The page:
Yeah, I’ll admit it … I missed out on the whole Sepultura thing back in the mid-90s. The band came of age in the transition between grunge and nu metal and while I don’t shy away from HEAVY metal, I just sort of assumed the Brazilian band would be a bit too brutal for my liking.
So, here we are, 21 years after the release of Sepultura’s sixth studio album, Roots, and I’m finally paying attention. There’s no denying by this point in their career, the band was incorporating some of what was going on around them (aka “groove metal”) and – for 1996 – made a very relevant-sounding album that fit in with some of the bands whose popularity was skyrocketing (namely Korn).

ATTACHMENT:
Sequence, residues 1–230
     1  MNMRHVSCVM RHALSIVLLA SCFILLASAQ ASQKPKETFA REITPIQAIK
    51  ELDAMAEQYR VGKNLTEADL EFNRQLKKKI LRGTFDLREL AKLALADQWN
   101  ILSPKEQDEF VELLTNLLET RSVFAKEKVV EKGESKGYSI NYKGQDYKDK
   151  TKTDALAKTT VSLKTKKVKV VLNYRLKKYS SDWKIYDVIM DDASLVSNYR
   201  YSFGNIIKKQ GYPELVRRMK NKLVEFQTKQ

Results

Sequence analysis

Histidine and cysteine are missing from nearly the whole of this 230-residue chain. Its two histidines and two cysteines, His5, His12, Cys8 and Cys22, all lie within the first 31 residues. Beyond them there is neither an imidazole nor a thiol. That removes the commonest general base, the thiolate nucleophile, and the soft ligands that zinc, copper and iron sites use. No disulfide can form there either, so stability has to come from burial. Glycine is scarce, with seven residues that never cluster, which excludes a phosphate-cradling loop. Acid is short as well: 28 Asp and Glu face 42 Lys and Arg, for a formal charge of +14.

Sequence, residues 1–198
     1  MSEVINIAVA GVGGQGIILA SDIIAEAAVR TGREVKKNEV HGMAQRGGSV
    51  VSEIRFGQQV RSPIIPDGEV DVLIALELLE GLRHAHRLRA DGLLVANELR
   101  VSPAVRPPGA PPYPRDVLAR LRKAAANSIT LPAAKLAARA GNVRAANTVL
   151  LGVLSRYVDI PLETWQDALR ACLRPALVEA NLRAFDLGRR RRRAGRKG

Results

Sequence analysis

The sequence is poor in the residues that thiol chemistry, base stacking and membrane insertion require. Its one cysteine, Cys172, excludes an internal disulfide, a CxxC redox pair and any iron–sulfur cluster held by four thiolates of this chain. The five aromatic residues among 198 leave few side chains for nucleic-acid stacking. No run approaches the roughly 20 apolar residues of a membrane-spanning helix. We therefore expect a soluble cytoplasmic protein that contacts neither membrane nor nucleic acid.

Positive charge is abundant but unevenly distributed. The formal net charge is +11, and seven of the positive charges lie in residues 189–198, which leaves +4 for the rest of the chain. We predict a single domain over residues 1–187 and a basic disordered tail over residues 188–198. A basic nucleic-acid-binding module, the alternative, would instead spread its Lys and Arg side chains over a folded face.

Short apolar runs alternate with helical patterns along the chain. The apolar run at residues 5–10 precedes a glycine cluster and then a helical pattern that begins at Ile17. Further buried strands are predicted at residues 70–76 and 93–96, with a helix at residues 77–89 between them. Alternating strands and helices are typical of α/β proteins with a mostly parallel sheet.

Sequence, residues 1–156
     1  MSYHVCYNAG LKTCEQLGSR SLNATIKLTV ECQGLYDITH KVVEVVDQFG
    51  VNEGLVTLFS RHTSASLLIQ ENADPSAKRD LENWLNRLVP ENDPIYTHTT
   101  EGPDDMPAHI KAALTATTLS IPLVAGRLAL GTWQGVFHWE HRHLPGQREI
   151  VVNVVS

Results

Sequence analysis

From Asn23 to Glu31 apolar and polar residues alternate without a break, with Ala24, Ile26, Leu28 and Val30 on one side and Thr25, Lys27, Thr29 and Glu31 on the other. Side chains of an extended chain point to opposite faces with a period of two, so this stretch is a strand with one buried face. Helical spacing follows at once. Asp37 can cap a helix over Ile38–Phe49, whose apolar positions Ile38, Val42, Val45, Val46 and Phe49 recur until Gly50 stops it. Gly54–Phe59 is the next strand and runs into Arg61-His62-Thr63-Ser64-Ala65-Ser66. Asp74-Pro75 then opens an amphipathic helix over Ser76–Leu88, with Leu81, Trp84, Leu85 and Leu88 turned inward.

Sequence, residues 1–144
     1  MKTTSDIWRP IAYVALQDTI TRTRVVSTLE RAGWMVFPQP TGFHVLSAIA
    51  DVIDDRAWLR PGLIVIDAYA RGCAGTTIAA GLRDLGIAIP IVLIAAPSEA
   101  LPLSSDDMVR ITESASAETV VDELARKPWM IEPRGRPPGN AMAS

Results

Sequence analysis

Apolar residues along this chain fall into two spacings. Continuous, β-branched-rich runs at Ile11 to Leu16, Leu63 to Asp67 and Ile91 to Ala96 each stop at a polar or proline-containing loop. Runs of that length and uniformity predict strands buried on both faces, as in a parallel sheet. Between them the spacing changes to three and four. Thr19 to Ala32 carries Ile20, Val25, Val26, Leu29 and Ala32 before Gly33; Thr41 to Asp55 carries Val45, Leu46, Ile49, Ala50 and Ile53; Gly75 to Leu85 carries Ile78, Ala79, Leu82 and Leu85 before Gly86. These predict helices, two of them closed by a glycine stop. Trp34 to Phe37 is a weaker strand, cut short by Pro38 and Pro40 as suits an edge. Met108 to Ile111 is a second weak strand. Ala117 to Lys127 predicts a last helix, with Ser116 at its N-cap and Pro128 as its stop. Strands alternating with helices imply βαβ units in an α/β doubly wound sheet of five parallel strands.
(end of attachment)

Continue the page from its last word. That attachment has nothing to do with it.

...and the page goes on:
Founding vocalist Max Cavalera left Sepultura at the conclusion of the Roots tour and his brother, drummer Iggor, left ten years later (the two formed Cavalera Conspiracy in 2007). With an opportunity to go back and celebrate the anniversary of Max’s last album with Sepultura, the brothers hit the road last year to perform Roots in it’s entirety and that tour has extended into the new year bringing the Cavalera brothers to the Alrosa this Saturday night.
This will be a chance for me to catch up on something I missed and I suspect the Alrosa will be packed with metalheads moshing like it’s 1996. Doors open at 5:30 and there’s a stacked lineup (The Whiteouts, Mithridium, Crucible of Hate, Full of Hell, Immolation) set to get the crowd fired up before Max and Iggor hit the stage. Tickets are $25 at the door.
WCBE welcomes Welshly Arms, with special guests Nick D and the Believers, to Rumba Cafe on Friday, Feb. 3. Tickets are $10 in advance, $12 at the door.